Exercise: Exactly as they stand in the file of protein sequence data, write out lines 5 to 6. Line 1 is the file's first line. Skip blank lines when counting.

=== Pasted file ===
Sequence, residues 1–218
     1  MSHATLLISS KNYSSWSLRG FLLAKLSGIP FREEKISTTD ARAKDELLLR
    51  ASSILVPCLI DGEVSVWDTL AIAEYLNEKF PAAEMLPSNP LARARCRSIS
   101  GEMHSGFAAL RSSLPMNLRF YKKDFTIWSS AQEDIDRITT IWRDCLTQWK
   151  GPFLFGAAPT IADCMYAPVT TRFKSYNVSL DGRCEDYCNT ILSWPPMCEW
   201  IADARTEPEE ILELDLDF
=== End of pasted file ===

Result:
   151  GPFLFGAAPT IADCMYAPVT TRFKSYNVSL DGRCEDYCNT ILSWPPMCEW
   201  IADARTEPEE ILELDLDF